You can’t miss them – video game review scores, that is. If you play video games, you’ve probably read reviews followed by a reviewer’s score. One reviewer states the game play is average but the graphics are damn-wow amazing. The game is an 8 out of 10. Another agrees the game play is average but graphics were so last years. A 7.5 is appropriate. He nods and cocks his head. “And that’s being generous,” he says. Others claim the game lacks fluidity. 7.2. These numbers–8, 7.5, and 7.2–seem to lend authority to the reviewer’s final judgement and summarize the measure of the games appeal. As a gamer, the score implies accuracy in value. But do the values really mean anything? Those numbers don’t mean a damn thing.
When I first played video games – old games, as in we drove around in Fred Flinstone cars type of old games, like Space Invaders – game reviews were scarce. When I did read one, the reviewer stated they did or didn’t like the game and why. Later, game reviews became a thumbs up or down matter and several reviewers might say “yea” or “nay.” Three out of five reviewers said they couldn’t stop playing even though their wives scowled over their shoulders and the dog begged to be taken out for a pee-pee. That was enough to satisfy my interest and run out to the nearest Babbages. (To all you whippersnappers, that’s GameStop.)
As games became bigger money, more games got made, more gamers got their play on, and game journalists created more interesting schemes to get you to read their reviews. The reviews evolved into complex analysis, scrutinizing a games story, graphics, playable responsiveness, and anything else that can or could be labeled and categorized. Now, each element is assigned a numerical score and then an average final score is assigned followed by heated debates in gamer forums about those average final scores that were assigned. This review process might seem reasonable, except, it’s not.
Some of you might be throwing down your controller, bluntly telling me I don’t understand crap about game reviews, noob. Or, you’ll shake your head, look at me with pity, and tell me that scores serve a purpose: “They assign a meaning to how good the game is, how fluid the play will be, and how damn-wow amazing the experience was.” Okay. So what does that numerical score measure or quantify?
If I assign a 1 to a bad game, a 5 to an average game, and a 10 to a great game (Dark Souls, anyone?), you have a feel for my opinion – based on my emotions – about that game. But my opinion cannot truly be quantified. I could have assigned a F, C, and A Freakin’ Plus and accomplished the same result – I did or didn’t like the game to a lesser or greater degree of like. I can even average the grades and give you an arbitrary total score of B. The scores haven’t truly measured anything or with any accuracy and you might disagree with my opinion, anyway.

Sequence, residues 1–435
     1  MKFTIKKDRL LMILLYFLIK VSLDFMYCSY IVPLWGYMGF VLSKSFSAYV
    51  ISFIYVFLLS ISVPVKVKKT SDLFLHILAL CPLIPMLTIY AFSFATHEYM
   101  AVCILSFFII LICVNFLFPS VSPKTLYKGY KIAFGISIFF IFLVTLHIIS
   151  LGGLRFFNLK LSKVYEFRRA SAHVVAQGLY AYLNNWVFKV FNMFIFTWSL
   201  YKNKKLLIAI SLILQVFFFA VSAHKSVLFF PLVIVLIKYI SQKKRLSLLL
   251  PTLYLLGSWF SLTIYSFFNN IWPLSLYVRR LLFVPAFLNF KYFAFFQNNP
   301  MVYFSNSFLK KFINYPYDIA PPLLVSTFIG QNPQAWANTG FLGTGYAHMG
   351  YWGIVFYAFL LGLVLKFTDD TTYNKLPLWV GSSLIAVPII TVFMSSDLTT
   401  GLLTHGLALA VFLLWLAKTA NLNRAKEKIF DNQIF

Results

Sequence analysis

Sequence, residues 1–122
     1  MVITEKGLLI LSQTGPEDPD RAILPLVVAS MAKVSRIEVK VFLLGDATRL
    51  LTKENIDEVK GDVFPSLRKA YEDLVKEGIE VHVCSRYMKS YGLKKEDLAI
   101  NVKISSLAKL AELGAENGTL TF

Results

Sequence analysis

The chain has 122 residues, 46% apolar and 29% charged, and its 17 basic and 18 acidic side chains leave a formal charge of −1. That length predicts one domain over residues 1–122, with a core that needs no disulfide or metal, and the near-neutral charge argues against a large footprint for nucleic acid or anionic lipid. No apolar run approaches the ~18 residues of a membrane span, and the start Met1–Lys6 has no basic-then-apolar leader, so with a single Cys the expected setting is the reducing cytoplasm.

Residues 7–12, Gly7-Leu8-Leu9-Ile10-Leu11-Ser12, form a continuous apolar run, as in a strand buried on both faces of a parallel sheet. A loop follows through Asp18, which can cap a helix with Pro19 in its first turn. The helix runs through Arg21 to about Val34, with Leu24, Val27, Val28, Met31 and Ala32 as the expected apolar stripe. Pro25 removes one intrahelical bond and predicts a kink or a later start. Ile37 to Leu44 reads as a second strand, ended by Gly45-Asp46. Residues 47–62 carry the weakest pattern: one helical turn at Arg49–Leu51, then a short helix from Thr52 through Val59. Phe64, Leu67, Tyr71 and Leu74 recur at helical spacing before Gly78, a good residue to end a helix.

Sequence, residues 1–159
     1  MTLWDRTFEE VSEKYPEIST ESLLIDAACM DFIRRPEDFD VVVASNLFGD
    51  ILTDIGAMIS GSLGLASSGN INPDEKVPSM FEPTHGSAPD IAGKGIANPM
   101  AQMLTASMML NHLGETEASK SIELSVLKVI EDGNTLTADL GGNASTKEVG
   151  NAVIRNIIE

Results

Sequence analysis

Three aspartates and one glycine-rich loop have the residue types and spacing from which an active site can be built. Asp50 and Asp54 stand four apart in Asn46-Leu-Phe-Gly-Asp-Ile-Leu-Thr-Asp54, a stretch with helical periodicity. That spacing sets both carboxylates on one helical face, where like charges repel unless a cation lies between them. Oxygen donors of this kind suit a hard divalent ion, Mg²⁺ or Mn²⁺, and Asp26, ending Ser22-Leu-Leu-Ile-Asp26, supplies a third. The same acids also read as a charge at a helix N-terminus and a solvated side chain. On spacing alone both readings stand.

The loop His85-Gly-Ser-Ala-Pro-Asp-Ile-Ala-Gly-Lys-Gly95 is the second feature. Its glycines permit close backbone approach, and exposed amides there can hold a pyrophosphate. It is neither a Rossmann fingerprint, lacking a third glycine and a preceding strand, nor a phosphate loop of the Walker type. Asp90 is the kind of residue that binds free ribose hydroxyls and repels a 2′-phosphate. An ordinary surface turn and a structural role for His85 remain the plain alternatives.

Sure, games have a technical aspect, and the technical foundations can be measured and quantified. You can measure frames per second and everyone can agree to that value. This number means something in terms of computing and in a more physical sense. If I tell you that I really don’t like thirty-five frames per second and give it a 6, you might cough up your energy drink because of how absurd that really sounds.
Numbers only mean something when measuring physical quantities or applied in mathematics. Opinions are abstractions with no measurable values. I’ll explain in an anecdote. A man takes his date to the local park where there is a carousel ride. The carousel turns ten revolutions per minute, a measurable and quantifiable value. While his date thinks the ride is wonderful fun, he secretly thinks it’s a bore. (He wants to impress his date, so he doesn’t share this opinion.) Years later, the couple is married and they revisit the park with their five year old. The little girl screams in terror, saying the horsies are moving too fast. The little girl would rate the carousel as a terrible thing and demand ice cream to get over her horrible experience. Yet, that carousel keeps rotating ten revolutions per minute, little girl or no little girl.
In the anecdote, each person had a different opinion of the ride; only the carousels rotations per minute would be agreed on. Each opinion about the ride could be assigned an arbitrary value but the value wouldn’t mean anything because it doesn’t measure anything. They might even squabble over the assignment of arbitrary values. Or, the man, woman, and little girl could simply state they did – or didn’t – like the ride followed by a walk over to the ice cream cart for three scoops of chocolate.
So, I consider video game review scores to be meaningless garbage. The process isn’t reasonable, at least. The scores certainly aren’t worth someone’s debate efforts in forums because the reviewer could have cut out all the number crunching and said they did or didn’t like the game – yea or nay – and you, the gamer, can choose to agree or disagree with that opinion but not need to discuss the score. Besides, your opinion is what really counts when you play the game because it’s your experience. Writing this post was my experience, and I give the result a 9.2.